Does grounded governance models in general align with Offchain Labs’ MEV vision for Arbitrum? This requires a nuanced answer:Alignment in Principle, But Not a Direct Overlap:

  • Shared Values: The principles you outlined (contextual adaptation, trade-off analysis, experimentation, long-term vision) DO resonate with Offchain Labs’ commitment to thoughtful and community-driven development.
  • MEV is Specific: However, MEV (Maximal Extractable Value) is a very specific aspect of blockchain design. It’s about how value is captured from the ordering and inclusion of transactions.
  • Governance is Broader: Governance models, while influencing MEV, encompass a much wider range of decisions: treasury management, protocol upgrades, community grants, and more.

How They Intersect:

  1. MEV Revenue as a Governance Lever: Offchain Labs clearly wants to capture MEV to benefit the Arbitrum DAO. This revenue stream BECOMES a factor in governance:
  • How should it be allocated?
  • What should it be spent on?
  • Do token holders get a say?
  1. Governance Mechanisms Impact MEV Extraction:
  • Different voting systems might favor certain stakeholders who have more (or less) ability to extract MEV.
  • Transparency around governance can reduce the information asymmetry that MEV searchers often exploit.

In Conclusion:

  • Offchain Labs’ MEV vision creates a subset of challenges that mathematically sound governance can help address.
  • Simply having advanced governance models does NOT guarantee alignment with their MEV goals. The specific design and implementation are what matter.
  • It’s MORE about how those models are used to:
    • Fairly distribute MEV benefits
    • Prevent harmful MEV extraction that harms users
    • Maintain a transparent and predictable playing field for all participants.

Your original analysis is valuable because it provides a toolkit for thinking about these complexities. Now, the discussion needs to shift towards how those tools are applied specifically within the context of Arbitrum’s MEV goals.

1 Like

We believe this a multi-faceted proposal that represents a significant shift in MEV management and presents a valuable opportunity for Arbitrum.

1. Economic & Technical

The current First-Come First-Serve ordering model is flawed, due to its excessive enablement of MEV Searchers and its failure to capture value. The potential implementation of this proposal would enable the introduction of Timeboost, which allows MEV extraction but in a manner that protects network users and is more efficient at capturing value.

The implementation of this proposal would thus allow Arbitrum to meaningfully innovate on transaction ordering while expanding its set of value-accruing mechanisms.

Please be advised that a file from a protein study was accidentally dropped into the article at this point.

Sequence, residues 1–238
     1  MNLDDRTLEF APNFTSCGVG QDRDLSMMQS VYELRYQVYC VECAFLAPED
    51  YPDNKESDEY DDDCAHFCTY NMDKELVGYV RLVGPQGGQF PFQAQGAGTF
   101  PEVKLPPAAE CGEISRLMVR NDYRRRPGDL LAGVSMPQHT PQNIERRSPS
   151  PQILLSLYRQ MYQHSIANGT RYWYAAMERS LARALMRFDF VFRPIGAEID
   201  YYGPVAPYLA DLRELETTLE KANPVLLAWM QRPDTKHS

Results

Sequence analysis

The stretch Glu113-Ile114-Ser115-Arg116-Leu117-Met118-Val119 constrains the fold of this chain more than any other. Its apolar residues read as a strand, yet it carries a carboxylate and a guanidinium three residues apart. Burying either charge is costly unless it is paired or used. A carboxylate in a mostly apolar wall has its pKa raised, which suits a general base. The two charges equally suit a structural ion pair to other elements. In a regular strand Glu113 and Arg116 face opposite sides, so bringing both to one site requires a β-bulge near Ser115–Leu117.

2. Values, Ethos and Users First
Furthermore, Arbitrum’s long-term goal and premise is to arguably circumvent and build upon the ‘shortcomings and pitfalls’ of Ethereum, where maximally extractive activities like sandwich trades and frontrunning profoundly harm and impede user experience.

The implementation of this proposal is aligned with the core values of Arbitrum while solving an important pitfall in the user experience of many crypto users.

3. Value-accrual and Distribution
Although exact revenue estimates are challenging, Timeboost is expected to become another revenue-generating source for Arbitrum without compromising user experience. That is undoubtedly another great step forward which enhances Arbitrum’s long-term sustainability and viability.

How the newly captured and accrued value is distributed, is a nuanced topic that may require a separate vote, due to the sheer amount of inputs and debates that typically surround value-distributing mechanism proposals (buyback & burn, rev-share to all ARB holders vs. to ARB stakers, distributing ARB vs. ETH, etc.).

Individuals may agree with and be in favour of the implementation and adoption of Timeboost, but may not necessarily agree with and be in favour of any of the proposed value-distributing mechanisms.

In the context of the current options proposed, we find Option 1 (collect ETH) to be the superior option.

At this point in time, the token ‘burning’ mechanism has been sufficiently time and battle-tested. There have been various implementations of this mechanism across the industry. Yet, according to the existing data (both internal and external) today, it is clear that from a purely economic perspective, none of its implementations tend to fundamentally and efficiently drive value to the underlying token.

From a legal/regulatory perspective, the ‘buyback and burn’ mechanisms have been deemed a more ‘compliant’ and viable solution, which is a common reason why many protocols and initiatives still decide to adopt this approach, despite its subpar economic performance.

However, the legal and regulatory landscapes are continuously evolving and changing, while the fundamentals and economics do not. That is why we find Option 1 (collect ETH) to be a superior option.

Additionally, besides the pure assessment of the proposal itself, Express Lane appears to be greatly similar to Fast Lane on Polygon and hence it could be efficient and worthwhile for the two teams to connect and collaborate.


This is an exciting proposal!

Regarding choosing the right option (burn ARB or receive ETH), my belief is that this need to be evaluated having in mind a broader discussion about DAO’s spending budget, runway, and treasury management strategy. Having to choose now, I would say that option 1 is better, as is an extra revenue stream to the DAO, that can later decide how to use that to foster growth and perpetuity.

1 Like